PO-187 Liquid-phase polarity facilitates attachment, adhesion and metastasis of tumour cells

A Lorentzen, PF Becker, M Saini, D Mihic-Probst, U Protzer, A Trumpp, CA Klein, B Polzer, L Borsig, M Heikenwalder
2018 Metastases and EMT   unpublished
Introduction Breast cancer is amongst the most common types of cancer for women and the primary cause of cancer related death. The high mortality rates are due to the metastatic spread of cancer cells and tumour recurrence after therapy. Transferring their cargo from one cell to another, EVs (extracellular vesicles) are involved in maintaining homeostasis in normal physiology, but are deregulated in cancer. EVs have been shown to play particular roles in all hallmarks of cancer with great focus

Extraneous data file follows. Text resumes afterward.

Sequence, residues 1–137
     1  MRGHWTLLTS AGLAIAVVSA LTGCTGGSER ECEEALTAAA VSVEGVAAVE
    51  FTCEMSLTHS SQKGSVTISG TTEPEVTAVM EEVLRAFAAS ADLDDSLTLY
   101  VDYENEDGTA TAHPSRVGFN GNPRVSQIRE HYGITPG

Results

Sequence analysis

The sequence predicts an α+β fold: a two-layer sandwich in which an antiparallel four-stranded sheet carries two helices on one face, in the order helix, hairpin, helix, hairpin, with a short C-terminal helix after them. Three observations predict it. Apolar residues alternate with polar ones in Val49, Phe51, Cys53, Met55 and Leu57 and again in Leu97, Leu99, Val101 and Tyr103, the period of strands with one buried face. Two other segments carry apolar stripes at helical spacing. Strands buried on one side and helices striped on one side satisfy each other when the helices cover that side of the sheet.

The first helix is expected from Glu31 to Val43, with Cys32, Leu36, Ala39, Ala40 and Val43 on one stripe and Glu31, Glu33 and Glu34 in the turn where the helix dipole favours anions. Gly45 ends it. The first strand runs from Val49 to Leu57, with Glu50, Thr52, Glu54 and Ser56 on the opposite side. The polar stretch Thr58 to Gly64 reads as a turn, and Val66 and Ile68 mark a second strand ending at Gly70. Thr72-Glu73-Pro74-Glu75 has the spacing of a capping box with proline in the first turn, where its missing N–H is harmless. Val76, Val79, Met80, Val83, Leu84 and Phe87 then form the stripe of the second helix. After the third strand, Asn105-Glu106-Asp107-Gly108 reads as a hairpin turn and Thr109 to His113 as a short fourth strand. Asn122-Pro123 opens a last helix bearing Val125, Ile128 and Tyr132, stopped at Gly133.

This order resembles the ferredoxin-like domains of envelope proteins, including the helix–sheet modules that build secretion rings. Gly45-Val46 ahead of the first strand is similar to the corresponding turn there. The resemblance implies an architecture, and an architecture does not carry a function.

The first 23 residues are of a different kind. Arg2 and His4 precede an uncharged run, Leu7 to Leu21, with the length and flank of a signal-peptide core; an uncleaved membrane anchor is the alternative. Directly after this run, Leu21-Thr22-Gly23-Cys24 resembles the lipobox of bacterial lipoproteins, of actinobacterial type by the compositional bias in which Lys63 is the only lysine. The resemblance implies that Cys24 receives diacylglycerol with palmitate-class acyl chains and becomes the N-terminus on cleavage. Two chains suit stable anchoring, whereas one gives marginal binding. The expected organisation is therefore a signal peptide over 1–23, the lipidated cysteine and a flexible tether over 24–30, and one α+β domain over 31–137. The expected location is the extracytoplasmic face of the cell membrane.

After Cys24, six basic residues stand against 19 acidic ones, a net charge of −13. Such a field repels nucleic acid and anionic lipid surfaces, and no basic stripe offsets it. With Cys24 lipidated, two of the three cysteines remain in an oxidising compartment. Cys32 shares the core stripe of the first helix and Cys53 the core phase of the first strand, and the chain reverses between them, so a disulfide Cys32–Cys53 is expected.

more » ... given on the various steps of the metastatic cascade. The aim of this project is to investigate the effect of chemotherapy induced intercellular communication via EVs on breast cancer metastasis. Material and methods Two chemotherapeutic agents commonly used in breast cancer therapy regimens, docetaxel and mitomycin C, were employed in this study. Metastatic potential after incubation with EVs derived from drug treated cells has been assessed by labelling with the glycosylation marker HPA (helix pomatia agglutinin), expression analysis of EMT (epithelial to mesenchymal transition) markers, motility and invasion assays. Results and discussions EVs from drug treated cells altered the glycosylation patterns of recipient cells as revealed by HPA labelling, while EVs from non-treated cells showed no effect. EVs from docetaxel treated cells enhanced invasiveness and motility of recipient cells and lowered the expression of the epithelial marker CDH1. Conclusion These results suggest that cells that have survived chemotherapy release EVs that are able to enhance the metastatic capacity of intact cells.
doi:10.1136/esmoopen-2018-eacr25.229 fatcat:s4wx62oxgjhtdigaf3utgh6vxy